On July 12 a parked Ethiopian Airlines’ 787 was attended by several emergehcy vehicles at London Heathrow when a fire broke out. The blaze caused extensive damage to the rear of the plane’s fuselage. No one was aboard the plane and there were no injuries.
Investigators have found that the fire coincided with the emergency locator transmitter, which is powered by a lithium-manganese dioxide battery. This system operates independently of the plane’s power system. It is also different to the system on the plane that caught fire in Boston earlier this year. The British investigators have found damage to the battery’s cells but are not yet certain whether the battery caused the problem or a short-circuit ignited the battery. There are approximately 6,000 emergency locators with these type of batteries across the globe. None have previously caught on fire.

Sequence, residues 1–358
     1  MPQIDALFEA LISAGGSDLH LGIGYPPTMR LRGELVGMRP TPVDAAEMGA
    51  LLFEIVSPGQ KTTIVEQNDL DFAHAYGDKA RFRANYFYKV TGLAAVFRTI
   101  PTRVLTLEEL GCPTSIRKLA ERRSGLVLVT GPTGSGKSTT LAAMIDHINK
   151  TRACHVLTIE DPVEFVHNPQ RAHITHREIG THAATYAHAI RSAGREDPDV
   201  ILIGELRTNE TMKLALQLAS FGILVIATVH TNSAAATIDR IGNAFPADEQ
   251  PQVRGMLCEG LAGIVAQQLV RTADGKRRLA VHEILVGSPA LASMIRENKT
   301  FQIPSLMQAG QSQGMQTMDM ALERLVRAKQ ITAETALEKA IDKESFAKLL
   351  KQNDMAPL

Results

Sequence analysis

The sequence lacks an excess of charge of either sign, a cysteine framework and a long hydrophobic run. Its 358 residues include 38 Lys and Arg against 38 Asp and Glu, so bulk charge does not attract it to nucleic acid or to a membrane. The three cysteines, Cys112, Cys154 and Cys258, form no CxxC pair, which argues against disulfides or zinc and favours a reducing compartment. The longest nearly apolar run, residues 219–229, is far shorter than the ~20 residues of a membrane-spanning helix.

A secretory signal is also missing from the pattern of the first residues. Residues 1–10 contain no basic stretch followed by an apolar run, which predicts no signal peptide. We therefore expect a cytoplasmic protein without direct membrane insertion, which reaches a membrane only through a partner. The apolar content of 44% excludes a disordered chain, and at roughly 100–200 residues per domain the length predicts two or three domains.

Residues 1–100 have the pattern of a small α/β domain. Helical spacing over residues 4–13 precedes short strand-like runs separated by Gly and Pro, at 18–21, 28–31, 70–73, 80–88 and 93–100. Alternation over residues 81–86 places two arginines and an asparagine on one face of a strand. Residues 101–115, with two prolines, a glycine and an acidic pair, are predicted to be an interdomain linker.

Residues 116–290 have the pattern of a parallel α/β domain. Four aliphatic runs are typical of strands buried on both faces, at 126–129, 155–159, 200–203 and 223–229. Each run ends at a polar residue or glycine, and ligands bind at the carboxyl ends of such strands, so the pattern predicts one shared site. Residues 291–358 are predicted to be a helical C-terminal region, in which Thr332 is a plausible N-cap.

As a result of the Boston fire, Boeing added more insulation between the power system battery’s cells, surrounded the battery with a metal box to prevent spread of any potential fire and installed a tube to carry flammable materials off the plane if there were a fire. There has still not been any identified reason as to why that battery caught fire.
The Air Accidents Investigation Branch has called for the U.S. Federal Aviation Administration and manufacturer Honeywell International to research changing the power source for the locators.
They suggested making the locator’s power source inert until the problem is investigated and to review the installation of lithium-powered locators in other planes
Boeing also supported the recommendations as “reasonable precautionary measures,”. They said: “We are confident the 787 is safe, and we stand behind its overall integrity,”